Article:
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Hernando Williams (3 September 1955 – 22 March 1995) was an American convicted murderer from Chicago, Illinois. Williams was charged and convicted with the April 1978 kidnapping, rape and murder of 29–year old Chicago woman Linda Goldstone. In addition to the murder charge, Williams was also charged with aggravated kidnapping, robbery and rape. Williams was executed by the State of Illinois, becoming the second person to be by the state on March 22, 1995 at age 39. He became the 2nd out of the 12 last people to be executed in the state of Illinois before the abolition of the death penalty
On March 29, 1978, Williams, a young man, kidnapped Linda Goldstone from the Northwestern Medical Center parking lot in Chicago, Illinois. Goldstone, the wife of a physician and mother of a young boy, was on her way to teach a Lamaze class when Williams approached her, gun in hand. He told her it was a robbery. She gave him her money, but Williams made her partially disrobe and get into the front seat of his car. Williams held Goldstone captive for more than two days.
At the time of his kidnapping of Goldstone, Williams was out on bail for kidnapping and rape of another woman. He drove around with her in the trunk of his car for several days, even attending a court hearing in Maywood, Illinois with her in his trunk. At the hearing, the assistant state's attorney told the judge he was not ready for trial and Williams left the courtroom a relatively free man. When he returned to the court parking lot, he saw some people who appeared to be talking to the trunk of his car. He told those people to get away and left the scene with Goldstone still in the trunk. One of those who had talked to Goldstone while she was in the trunk at the Courthouse, reported the license plate number to the police. Police did not act on the tip.
Williams spent two nights in different motels with Goldstone and later admitted that he sexually assaulted her. At around 5:00 a.m. on April 1, 1978, Williams let Goldstone go, giving her $1.25 for bus fare and telling her to get on a bus and go home. Instead, she approached a home, knocked on the door, and asked for help. The door was opened by a Chicago firefighter. Goldstone told him that she needed help. The firefighter told her that he would call the police. Then he closed the door, leaving her outside. Meanwhile, Williams had gotten nervous, doubting whether Goldstone would keep her promise and get on a bus. He circled back around the block and saw her speaking to a man inside a house. After the firefighter had closed the door, Williams got out of his car and called to Goldstone. He led her around to a back alley where he shot her twice and left her in garage behind 10400 S. Maryland Avenue. Some hours later, Chicago Police found Williams at his parents' home, washing out the trunk of his car.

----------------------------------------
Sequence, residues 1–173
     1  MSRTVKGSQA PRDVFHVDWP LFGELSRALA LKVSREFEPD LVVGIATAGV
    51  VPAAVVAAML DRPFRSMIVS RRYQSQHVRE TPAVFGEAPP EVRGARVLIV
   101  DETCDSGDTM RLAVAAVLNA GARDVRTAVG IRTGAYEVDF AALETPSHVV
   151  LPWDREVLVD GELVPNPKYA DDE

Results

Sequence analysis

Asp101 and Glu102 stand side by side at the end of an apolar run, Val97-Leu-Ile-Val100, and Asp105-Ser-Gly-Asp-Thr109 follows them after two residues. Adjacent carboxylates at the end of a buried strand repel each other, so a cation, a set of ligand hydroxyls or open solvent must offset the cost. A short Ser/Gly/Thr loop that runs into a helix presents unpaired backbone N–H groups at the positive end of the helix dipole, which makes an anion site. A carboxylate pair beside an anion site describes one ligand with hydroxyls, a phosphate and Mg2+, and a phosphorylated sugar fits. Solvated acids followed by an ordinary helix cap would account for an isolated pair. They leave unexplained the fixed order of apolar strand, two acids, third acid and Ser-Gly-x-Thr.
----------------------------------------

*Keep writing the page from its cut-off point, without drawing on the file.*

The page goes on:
Trial and Execution
A psychiatrist who examined Williams before trial reported that Williams suffered from "borderline personality disorder with episodic deterioration in reality testing and thought processes with episodic psychotic thinking". At the urging of his attorneys, Williams pleaded guilty to aggravated kidnapping, robbery, rape, and murder. The hope of the entire team was that Hernando would escape the death penalty. The strategy did not work. In January 1980, the jury sentenced Hernando Williams to death. He was executed by lethal injection on March 22, 1995 at the age of 39.
Williams worked as an assistant manager for a canvas goods supplier, the John Herman Company which was owned by his father; Reverend Davis Williams Sr. Williams attended Wendell Phillips High School, but later dropped out in 1972. Williams was briefly married to Chicago alderman Shirley Coleman from 1973 until 1977, together they have one daughter Shirlynda (b. 1976).
- Chicago Tribune – Daughter looks for truth behind her executed father's crime – June 6, 2004
- Chicago Tribune - Suspect Held In Woman's Killing - April 2, 1978
- Chicago Tribune - (CAMPAIGN '95) Coleman Fires Back At Foe - She Responds To Remarks About Ex-husband's Crimes - March 20, 1995
- U.S. Executions Since 1976. The Clark County Prosecuting Attorney. Retrieved on 2007-11-13.
- Terry, Don. 2 Executions In Illinois, Rarity There. The New York Times (1995-03-23). Retrieved on 2007-11-13.
- Davis, Ken. Page 277 and onwards. Defending the Damned: Inside Chicago's Cook County Public Defender's Office. Atria (2007-04-03). ISBN 978-0-7432-7093-9. Retrieved on 2007-11-13.